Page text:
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Cybercrime, the coronavirus is a double-edged sword

Digital Shadows: The coronavirus is a double-edged sword for cybercrime. For some threat actor is an opportunity, for others is a tragedy

The coronavirus is a double-edged sword for cybercrime. It has been explained by Digital Shadows cyber security experts in a post. The ongoing COVID-19 pandemic is having a highly detrimental effect on most businesses and organizations, yet companies linked with antibacterials and cleaning products, for example, will likely experience record sales. In yet another example of the dark web mirroring real life, the situation is no different in the cybercriminal underground. Researchers have observed threat actors operating on cybercriminal forums and marketplaces expressing their worries and a sense of desperation, as to how the pandemic will affect their established business models. Some are urgently trying to adapt their offerings to survive in this vastly changed landscape. Others see an opportunity to profit from mass hysteria and panic or take advantage of the increased online exposure that virus-tackling measures have inadvertently caused.

The cyber security experts: Some threat actors want to exploit the COVID-19 to earn money. This stealing credit card numbers and spreading malware  

According to the cyber security experts, threat actors on multiple Russian- and English-language cybercriminal forums initiated threads to discuss the likely impact of coronavirus on established services and offerings and the different types of cybercrime, that might be boosted by this unprecedented situation. The first “weapon” is that many people are being forced to self-isolate or are reluctant to leave our homes to visit physical shops. This led to a huge surge in online transactions as people order deliveries to their doorsteps, a point that has not been missed by cybercriminals. Especially to steal credit card numbers. Furthermore, current government advice in many countries across the world recommends that people work from home, which has dramatically increased online activity. This, added to the high request of information on COVID-19 evolution by users, it’s a good occasion to spread malware.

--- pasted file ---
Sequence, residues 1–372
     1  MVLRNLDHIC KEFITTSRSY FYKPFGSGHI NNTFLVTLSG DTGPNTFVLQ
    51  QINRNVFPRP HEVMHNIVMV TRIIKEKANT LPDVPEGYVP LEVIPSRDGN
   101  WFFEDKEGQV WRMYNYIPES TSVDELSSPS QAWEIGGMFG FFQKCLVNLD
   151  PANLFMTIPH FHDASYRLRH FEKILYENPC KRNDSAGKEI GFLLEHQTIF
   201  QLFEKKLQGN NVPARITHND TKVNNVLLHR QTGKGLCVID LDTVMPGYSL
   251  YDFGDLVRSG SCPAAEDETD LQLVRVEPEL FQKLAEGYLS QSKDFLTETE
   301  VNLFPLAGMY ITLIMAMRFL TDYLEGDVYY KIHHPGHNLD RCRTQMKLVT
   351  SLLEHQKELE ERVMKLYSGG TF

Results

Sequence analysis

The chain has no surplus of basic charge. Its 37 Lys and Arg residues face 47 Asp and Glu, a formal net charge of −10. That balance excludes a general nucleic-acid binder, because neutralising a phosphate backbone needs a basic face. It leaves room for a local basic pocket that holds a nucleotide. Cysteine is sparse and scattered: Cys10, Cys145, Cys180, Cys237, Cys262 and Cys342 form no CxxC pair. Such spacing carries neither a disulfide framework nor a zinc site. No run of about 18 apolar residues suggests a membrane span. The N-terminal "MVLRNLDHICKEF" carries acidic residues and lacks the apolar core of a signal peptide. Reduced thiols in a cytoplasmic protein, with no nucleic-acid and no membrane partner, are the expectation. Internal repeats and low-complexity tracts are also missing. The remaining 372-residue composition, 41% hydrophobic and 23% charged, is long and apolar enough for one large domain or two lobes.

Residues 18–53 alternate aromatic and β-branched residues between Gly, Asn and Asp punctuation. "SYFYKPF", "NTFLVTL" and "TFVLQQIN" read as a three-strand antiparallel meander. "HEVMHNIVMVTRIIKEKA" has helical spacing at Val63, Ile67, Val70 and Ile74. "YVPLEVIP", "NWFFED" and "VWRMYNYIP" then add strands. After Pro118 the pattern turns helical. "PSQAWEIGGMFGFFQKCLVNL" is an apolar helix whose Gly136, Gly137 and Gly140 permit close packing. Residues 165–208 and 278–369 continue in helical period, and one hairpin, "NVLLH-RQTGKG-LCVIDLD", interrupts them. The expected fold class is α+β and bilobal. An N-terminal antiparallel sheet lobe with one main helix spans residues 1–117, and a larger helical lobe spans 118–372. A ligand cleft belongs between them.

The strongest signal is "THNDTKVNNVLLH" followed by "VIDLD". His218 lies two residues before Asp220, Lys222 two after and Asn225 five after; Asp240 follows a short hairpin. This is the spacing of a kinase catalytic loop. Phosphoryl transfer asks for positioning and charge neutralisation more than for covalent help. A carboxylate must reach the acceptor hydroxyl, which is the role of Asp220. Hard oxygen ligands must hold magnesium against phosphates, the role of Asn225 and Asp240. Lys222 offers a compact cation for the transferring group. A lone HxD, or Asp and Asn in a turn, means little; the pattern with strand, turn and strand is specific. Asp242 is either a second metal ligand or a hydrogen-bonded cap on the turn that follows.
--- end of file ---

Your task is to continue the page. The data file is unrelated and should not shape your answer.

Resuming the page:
DarkWeb marketplaces sell as anti-pandemic masks, “miraculous cures” and many drugs to face the quarantine and the lockdown

Cybercrime have also changed “goods” proposed in DarkWeb. Medical items, as anti-coronavirus masks, “miraculous cures” and many drugs are protagonists in the marketplaces. Buyers come especially from places in which there is a preparation for a lockdown. Also cannabis and other drugs sale are increased, thanks for fear of quarantine.

Many cyber criminals are worried and desperate about their activities. The spread of the coronavirus and the governments measures put at risk the future

Other threads discussing COVID-19, approached the likely negative effects on the cybercriminal underground. In a thread on Verified, one user highlighted travel- and event-related fraud as a sector of the cybercrime-related economy that could be particularly hard-hit, noting that “people are afraid of flying and the borders are closed”. The discussion on coronavirus’s impact also highlighted the effect the illness has already had on threat actors engaged in bank-related fraud, cashing out, and warehouse or bank drops. For example, one user stated that their usual “dropworker” can’t work because banks in their unspecified location are closed. This likely refers to the individuals employed to visit banks to withdraw money from fraudulently acquired accounts, allowing cybercriminals to “cash out” their illicitly earned funds. Another forum member stated that in Spain and Italy, dropworkers are “afraid to leave the house”.

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